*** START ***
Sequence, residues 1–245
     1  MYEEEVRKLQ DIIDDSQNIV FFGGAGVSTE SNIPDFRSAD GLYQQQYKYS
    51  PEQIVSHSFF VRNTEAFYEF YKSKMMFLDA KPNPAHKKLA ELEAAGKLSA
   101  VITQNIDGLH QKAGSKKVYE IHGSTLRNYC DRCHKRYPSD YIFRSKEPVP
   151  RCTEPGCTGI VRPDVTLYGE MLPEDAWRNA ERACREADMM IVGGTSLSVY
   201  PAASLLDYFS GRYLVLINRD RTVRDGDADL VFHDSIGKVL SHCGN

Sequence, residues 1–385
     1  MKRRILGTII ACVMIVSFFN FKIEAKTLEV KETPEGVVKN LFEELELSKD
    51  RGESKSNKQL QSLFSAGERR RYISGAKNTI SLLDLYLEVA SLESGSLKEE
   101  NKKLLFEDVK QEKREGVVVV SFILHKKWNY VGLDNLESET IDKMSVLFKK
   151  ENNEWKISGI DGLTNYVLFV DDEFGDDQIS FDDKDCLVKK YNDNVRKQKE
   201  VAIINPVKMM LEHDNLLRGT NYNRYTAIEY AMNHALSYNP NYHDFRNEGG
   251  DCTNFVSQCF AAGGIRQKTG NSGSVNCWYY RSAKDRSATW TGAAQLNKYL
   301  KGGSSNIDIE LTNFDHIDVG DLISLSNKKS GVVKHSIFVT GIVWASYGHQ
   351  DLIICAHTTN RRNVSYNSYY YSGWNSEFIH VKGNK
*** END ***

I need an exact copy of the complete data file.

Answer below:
Sequence, residues 1–245
     1  MYEEEVRKLQ DIIDDSQNIV FFGGAGVSTE SNIPDFRSAD GLYQQQYKYS
    51  PEQIVSHSFF VRNTEAFYEF YKSKMMFLDA KPNPAHKKLA ELEAAGKLSA
   101  VITQNIDGLH QKAGSKKVYE IHGSTLRNYC DRCHKRYPSD YIFRSKEPVP
   151  RCTEPGCTGI VRPDVTLYGE MLPEDAWRNA ERACREADMM IVGGTSLSVY
   201  PAASLLDYFS GRYLVLINRD RTVRDGDADL VFHDSIGKVL SHCGN

Sequence, residues 1–385
     1  MKRRILGTII ACVMIVSFFN FKIEAKTLEV KETPEGVVKN LFEELELSKD
    51  RGESKSNKQL QSLFSAGERR RYISGAKNTI SLLDLYLEVA SLESGSLKEE
   101  NKKLLFEDVK QEKREGVVVV SFILHKKWNY VGLDNLESET IDKMSVLFKK
   151  ENNEWKISGI DGLTNYVLFV DDEFGDDQIS FDDKDCLVKK YNDNVRKQKE
   201  VAIINPVKMM LEHDNLLRGT NYNRYTAIEY AMNHALSYNP NYHDFRNEGG
   251  DCTNFVSQCF AAGGIRQKTG NSGSVNCWYY RSAKDRSATW TGAAQLNKYL
   301  KGGSSNIDIE LTNFDHIDVG DLISLSNKKS GVVKHSIFVT GIVWASYGHQ
   351  DLIICAHTTN RRNVSYNSYY YSGWNSEFIH VKGNK